Paddy Agnew’s Notes From Italy: Postponements Common In Serie A Football Right Now
It’s on, it’s off, behind closed doors, with a full house next Monday night, perhaps next May, who knows? Thanks to the Coronavirus epidemic, the fate of one potential championship decider, Juventus v Inter, continues to hang in the balance
In just over a week, Italy has moved from being a country with no Coronavirus patients to one where, at the latest count, there are now 41 dead, with approx. 1800 people registered as having contracted the disease.
In the face of a potentially devastating health crisis like this, football obviously has to take a secondary place as health authorities call the shots re mass gatherings and the movement of fans. Compared to widespread deaths, a chaotic, rearranged football fixture list is clearly of only relative importance.
However, maybe even in the time of Coronavirus, the football show must go on, if only to preserve a sense of normality and continuity. The trouble is that the football world is having a deal of difficulty deciding exactly how it intends to go on.
Last week, in this column, we reported that the Big Match of this past weekend, Juve-Inter, would be played on Sunday night, behind closed doors. That decision was taken because Italian health authorities have banned “mass gathering” events in the infected northern regions (principally Lombardy, Piedmont, Emilia Romagna and Veneto) in the belief that such events will merely help to spread the virus infection.
However, during the course of a chaotic Saturday, the Football League changed its mind, deciding against the closed doors solution and postponing both Juve-Inter and five other “northern” games due to have been played last weekend. One of the reasons for this turnaround, made in a meeting involving, among others, the Football Federation, the Serie A League and the Sports Minister, Vincenzo Spadafora, focussed on the potential damage done to the image of Italian football if one of its biggest games, due to be televised worldwide, was played behind closed doors:
“The unanimous opinion of the football and sports executives was to opt for a postponement rather than play the games in empty stadia, bearing in mind the damage done to our country’s (football) image…”, commented Minister Spadafora.
Within 24 hours, however, that “unanimity” was shattered by a bitter row between Inter managing director, Beppe Moratta, and the Serie A League President Paolo Dal Pino, with the latter accusing Inter of having refused to play the game on Monday night, March 2nd. This time, they hoped, it might have been possible to play the game in full stadium, given that tge government decree re mass gathering events technically expired on Monday night.
In all probability, the government would have blocked the fans anyway with another emergency government decree. That consideration did not stop Messers Moratta and Dal Pin getting very hot and bothered with each other, with the Inter executive arguing that the proposal was “provocative” and “not worthy of consideration”. Among other things, Marotta was worried by the possibility that the hastily re-arranged game would be attended only by Juventus fans.
Thus, Juventus v Inter has not yet been played. An emergency meeting of the Serie A League Council, due to be held in Rome on Wednesday, will try to shed some light on the matter. Could the postponed games, including Juve v Inter now be played next Monday, when the current government decree may not block the fans?
It that was the case, then next weekend’s 27th Day of Serie A would simply be leapfrogged to another date, perhaps in May. In the meantime, two Italian Cup semi-final return legs, Juventus v AC Milan and Napoli v Inter are due to be played midweek, respectively on Wednesday and Thursday night, with both due to be played behind closed doors.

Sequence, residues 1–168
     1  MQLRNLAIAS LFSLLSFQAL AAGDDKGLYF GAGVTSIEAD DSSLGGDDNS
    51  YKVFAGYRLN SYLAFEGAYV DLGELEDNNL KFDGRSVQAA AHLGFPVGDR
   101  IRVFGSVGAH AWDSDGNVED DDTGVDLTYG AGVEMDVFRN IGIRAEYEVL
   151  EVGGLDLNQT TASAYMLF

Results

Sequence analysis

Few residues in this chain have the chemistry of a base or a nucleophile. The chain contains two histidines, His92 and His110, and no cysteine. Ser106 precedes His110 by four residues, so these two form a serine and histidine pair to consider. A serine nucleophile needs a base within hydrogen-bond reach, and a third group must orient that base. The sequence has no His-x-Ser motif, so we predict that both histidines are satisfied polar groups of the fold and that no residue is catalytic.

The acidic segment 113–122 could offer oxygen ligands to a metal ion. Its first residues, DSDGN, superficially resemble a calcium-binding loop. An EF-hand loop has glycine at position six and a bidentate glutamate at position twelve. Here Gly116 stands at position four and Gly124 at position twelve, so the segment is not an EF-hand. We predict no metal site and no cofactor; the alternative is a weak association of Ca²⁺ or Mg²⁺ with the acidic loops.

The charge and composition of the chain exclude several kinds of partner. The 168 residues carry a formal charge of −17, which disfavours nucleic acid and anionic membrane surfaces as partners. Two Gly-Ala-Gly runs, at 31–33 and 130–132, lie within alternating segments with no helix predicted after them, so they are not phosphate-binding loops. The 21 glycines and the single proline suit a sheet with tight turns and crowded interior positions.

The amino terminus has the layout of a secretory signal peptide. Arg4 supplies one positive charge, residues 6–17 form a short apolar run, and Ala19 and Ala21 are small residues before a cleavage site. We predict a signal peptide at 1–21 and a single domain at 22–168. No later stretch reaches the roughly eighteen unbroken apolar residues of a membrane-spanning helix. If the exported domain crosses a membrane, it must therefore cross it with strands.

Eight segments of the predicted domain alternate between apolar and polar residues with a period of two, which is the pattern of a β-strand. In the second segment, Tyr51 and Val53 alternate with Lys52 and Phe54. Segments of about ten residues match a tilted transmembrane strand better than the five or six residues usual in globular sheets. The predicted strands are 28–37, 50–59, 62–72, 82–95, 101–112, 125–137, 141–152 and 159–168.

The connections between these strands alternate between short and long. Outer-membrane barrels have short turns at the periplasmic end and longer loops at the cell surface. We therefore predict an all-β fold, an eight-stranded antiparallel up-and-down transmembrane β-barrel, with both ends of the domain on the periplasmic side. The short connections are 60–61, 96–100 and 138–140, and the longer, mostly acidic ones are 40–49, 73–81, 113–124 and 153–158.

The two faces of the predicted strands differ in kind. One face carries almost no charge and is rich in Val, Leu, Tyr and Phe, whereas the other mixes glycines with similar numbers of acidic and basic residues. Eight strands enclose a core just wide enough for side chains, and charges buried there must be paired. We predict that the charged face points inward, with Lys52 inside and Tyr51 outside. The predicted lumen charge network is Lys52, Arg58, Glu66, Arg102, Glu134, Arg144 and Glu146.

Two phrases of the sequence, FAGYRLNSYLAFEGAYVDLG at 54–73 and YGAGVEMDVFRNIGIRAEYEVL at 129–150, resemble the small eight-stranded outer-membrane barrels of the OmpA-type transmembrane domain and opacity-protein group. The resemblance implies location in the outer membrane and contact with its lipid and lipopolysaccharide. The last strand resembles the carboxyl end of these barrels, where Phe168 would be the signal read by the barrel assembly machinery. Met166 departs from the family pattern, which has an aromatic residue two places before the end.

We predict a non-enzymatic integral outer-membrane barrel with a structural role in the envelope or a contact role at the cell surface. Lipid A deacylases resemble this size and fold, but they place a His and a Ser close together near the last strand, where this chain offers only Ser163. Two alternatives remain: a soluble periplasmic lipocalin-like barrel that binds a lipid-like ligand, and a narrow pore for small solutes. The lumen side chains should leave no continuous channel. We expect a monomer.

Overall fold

Even without the fans, though, these could still be interesting games, with Napoli, in particular, looking to confirm their recent good form when they go into the return leg in Milan, with a 1-0 lead. Last week we highlighted Napoli’s resurgence under coach Gennaro Gattuso, with wins in recent weeks against Juventus (in Serie A), Lazio and Inter (in the Italian Cup).
[collection name=”small” accordion=”mobile” excerpt=8]
Napoli continued on with that good form last week, drawing 1-1 with Barcelona in a Champions League tie before beating Torino 2-1 at home on Saturday to hoist themselves up to 6th position in Serie A. It should be added that current Serie A table positions do not always mean everything since, currently, only five clubs have played all 26 scheduled games on the fixture list. However, as for Napoli, further “Cup” surprises against both Barca and Inter cannot be ruled out.
As for the rest of the football that was played this weekend (just four games), suffice to say that the Lazio bandwagon keeps on rolling. It took Lazio just 21 minutes to score two goals at the Olimpico on Saturday (in front of 40,000 fans) to wrap up their game against Bologna and go top of the league They are now two points clear of Juventus who, of course, have a game (Inter) in hand. 20 years after Swede Sven Goran Eriksson led Lazio to their last title win, one of his former players, striker Simone Inzaghi could yet emulate his mentor.
Elsewhere, spare a thought for Lecce. Having gone 0-2 down in the opening 22 minutes at home to fourth placed Atalanta, they thought they had got themselves back into the game by equalising 2-2 just before half-time. However, the current Atalanta, who recently beat Valencia 4-1 in a Champions League tie, changed gear to trounce a hapless Lecce 2-7 with five second half goals.
For that return Champions League tie, Valencia have been warned – that is, of course, if Corona Virus does not get in the way in the meantime. You see, there has been rather a lot of it around Atalanta’s home town of Bergamo.
Don’t forget to follow World Soccer on Facebook and Twitter.